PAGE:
Swim. Every. Day. That is the motto of any good road tripper (well, one of many mottoes: “always say ‘yes'”, “nothing to undo”, “another round”). Swimming every day is easy to do if, say, you’re cruising up the coast, heading to the Hollywood Roosevelt pool, or are in familiar home territories where you know all the good places to take a dip. If you find yourself out of your element, though, and don’t know where to dive in, you can rely on this: SwimmingHoles.Org
Essentially, it’s a state-by-state, locals-populated-crowdsource-confirmed map and guide of swimming holes, jumping rocks, and hot springs across the US and Canada. Simple. Brilliant. Each swimming site comes with a detailed dossier with all the pertinent information: directions, coordinates, photos, googlemaps, whether it’s an officially sanctioned spot (or not), and whether or not you need to wear a suit.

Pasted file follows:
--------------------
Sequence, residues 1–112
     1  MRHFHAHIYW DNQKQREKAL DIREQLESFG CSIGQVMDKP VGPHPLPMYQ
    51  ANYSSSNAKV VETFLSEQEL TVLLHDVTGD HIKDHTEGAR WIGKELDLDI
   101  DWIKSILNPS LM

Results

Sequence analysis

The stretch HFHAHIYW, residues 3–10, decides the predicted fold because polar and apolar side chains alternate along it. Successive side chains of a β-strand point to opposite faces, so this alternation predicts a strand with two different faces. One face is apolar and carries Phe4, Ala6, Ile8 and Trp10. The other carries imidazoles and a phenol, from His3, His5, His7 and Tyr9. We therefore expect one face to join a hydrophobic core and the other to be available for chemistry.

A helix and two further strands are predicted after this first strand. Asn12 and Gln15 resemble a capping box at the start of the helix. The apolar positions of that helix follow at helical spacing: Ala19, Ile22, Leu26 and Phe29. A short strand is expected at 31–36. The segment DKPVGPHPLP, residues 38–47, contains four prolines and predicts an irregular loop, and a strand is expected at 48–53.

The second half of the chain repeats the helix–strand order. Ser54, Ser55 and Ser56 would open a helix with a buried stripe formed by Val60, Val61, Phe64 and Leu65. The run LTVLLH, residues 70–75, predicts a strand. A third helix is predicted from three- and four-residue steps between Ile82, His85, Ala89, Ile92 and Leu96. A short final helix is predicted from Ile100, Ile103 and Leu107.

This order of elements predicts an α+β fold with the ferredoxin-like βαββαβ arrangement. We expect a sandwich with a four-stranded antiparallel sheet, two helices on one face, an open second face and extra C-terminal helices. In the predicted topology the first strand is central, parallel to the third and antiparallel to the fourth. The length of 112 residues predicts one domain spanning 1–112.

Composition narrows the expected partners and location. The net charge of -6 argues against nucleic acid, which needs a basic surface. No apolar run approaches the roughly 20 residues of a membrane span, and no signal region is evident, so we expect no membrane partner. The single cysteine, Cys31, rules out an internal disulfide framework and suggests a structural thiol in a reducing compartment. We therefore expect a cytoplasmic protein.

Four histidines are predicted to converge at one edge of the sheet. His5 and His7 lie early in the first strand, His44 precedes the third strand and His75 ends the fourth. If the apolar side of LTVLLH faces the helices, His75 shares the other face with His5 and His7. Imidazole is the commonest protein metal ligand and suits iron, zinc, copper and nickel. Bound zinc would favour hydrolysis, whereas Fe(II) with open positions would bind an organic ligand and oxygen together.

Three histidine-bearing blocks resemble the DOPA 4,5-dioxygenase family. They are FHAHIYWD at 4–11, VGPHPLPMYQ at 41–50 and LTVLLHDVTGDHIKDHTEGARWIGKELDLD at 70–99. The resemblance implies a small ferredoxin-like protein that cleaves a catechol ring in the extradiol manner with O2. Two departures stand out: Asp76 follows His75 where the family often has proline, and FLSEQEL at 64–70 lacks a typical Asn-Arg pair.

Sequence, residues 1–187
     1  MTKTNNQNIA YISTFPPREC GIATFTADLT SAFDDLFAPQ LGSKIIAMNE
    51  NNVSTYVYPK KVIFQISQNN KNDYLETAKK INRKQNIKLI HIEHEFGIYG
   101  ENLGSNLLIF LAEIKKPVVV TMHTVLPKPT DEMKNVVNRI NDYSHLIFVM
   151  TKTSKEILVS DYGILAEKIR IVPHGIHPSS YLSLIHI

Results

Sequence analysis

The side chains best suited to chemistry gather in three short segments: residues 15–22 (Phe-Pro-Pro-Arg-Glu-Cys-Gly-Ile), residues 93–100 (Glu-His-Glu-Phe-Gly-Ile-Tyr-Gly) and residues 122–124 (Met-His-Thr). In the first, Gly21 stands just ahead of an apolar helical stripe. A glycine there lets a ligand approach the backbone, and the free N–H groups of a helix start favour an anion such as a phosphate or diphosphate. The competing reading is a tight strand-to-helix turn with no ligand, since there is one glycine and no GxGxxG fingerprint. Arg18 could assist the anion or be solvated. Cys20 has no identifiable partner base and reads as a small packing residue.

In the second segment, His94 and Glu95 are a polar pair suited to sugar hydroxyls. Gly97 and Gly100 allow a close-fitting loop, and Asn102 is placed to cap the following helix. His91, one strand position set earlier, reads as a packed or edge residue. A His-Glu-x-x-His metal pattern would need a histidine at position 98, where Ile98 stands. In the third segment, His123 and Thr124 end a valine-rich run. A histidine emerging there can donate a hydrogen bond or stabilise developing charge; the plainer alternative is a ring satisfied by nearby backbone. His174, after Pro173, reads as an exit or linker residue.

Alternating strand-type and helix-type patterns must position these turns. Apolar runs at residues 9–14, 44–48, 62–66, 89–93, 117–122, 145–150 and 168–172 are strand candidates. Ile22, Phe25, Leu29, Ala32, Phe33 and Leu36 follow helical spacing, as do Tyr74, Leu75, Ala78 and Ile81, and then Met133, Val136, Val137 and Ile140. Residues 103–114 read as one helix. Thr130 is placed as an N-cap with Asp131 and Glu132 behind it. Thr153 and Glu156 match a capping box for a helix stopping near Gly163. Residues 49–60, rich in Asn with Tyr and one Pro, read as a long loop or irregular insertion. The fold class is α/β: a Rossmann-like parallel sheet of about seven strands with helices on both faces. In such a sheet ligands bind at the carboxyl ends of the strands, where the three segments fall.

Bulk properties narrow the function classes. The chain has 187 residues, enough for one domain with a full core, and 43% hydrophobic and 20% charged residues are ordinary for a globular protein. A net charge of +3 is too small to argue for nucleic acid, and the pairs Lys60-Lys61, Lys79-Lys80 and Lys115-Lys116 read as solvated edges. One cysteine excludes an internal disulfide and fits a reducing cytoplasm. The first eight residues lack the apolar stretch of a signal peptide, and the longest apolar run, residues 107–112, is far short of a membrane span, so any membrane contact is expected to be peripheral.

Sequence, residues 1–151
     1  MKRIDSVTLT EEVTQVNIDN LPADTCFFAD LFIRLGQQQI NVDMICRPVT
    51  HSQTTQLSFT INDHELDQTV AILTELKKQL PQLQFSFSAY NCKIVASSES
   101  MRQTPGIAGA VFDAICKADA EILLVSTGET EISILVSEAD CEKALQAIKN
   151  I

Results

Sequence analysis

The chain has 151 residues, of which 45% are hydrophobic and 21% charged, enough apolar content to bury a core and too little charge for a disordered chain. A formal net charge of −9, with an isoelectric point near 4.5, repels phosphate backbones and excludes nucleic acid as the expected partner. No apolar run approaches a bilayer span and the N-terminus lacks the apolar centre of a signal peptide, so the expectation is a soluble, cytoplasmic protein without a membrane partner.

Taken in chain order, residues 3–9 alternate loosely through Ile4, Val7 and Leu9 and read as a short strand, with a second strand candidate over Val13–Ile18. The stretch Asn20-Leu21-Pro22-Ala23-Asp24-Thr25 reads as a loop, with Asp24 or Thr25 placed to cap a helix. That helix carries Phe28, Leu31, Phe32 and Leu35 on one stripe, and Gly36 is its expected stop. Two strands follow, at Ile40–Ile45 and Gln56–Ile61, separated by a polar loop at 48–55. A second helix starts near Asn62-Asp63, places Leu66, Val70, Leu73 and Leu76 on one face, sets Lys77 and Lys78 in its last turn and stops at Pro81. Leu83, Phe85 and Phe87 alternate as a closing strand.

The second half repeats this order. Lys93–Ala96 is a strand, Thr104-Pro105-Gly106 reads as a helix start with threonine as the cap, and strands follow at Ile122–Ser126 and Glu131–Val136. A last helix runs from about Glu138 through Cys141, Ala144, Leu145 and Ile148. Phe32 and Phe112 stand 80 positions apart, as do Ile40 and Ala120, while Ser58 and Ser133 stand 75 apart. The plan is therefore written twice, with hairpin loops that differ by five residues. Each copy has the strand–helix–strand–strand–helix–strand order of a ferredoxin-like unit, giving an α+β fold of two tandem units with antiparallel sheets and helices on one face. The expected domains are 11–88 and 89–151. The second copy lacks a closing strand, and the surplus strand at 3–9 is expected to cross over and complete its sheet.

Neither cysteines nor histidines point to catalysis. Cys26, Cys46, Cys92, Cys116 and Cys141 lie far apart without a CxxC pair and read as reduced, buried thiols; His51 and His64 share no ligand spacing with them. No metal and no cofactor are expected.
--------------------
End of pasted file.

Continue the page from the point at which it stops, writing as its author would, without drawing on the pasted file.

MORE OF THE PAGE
For example, here’s the skinny on the swimming hole Miss Lucy is diving into in the picture above:
In amongst rare Catskills virgin forest of Hemlock, Otter Falls cascades down about 30 feet to a large deep bowl that measures about 20-30 feet in diameter with a depth of about 6-8 feet at its center. Go about 6.6 miles down rte 47 to a telephone pole with mile post #167 1/2 on it. The trail is short. It may take a few passes to find but eventually, the cascade and pool is very very easy to find.
Bathing Suits: Customary
Essentially evidence that the internet is a force for good, we use it every time we’re on the road, and hope you will too (and yes, there’s an app). Swim. Every. Day.
Thanks to Miss McKay for her excellent holga shots of swimming locations we found using swimmingholes.org., first picture, up top, Cougar Springs, Oregon and these two are of the Navarro River, near Mendocino California (that’s Molly Motown below and me jumping off the rock!).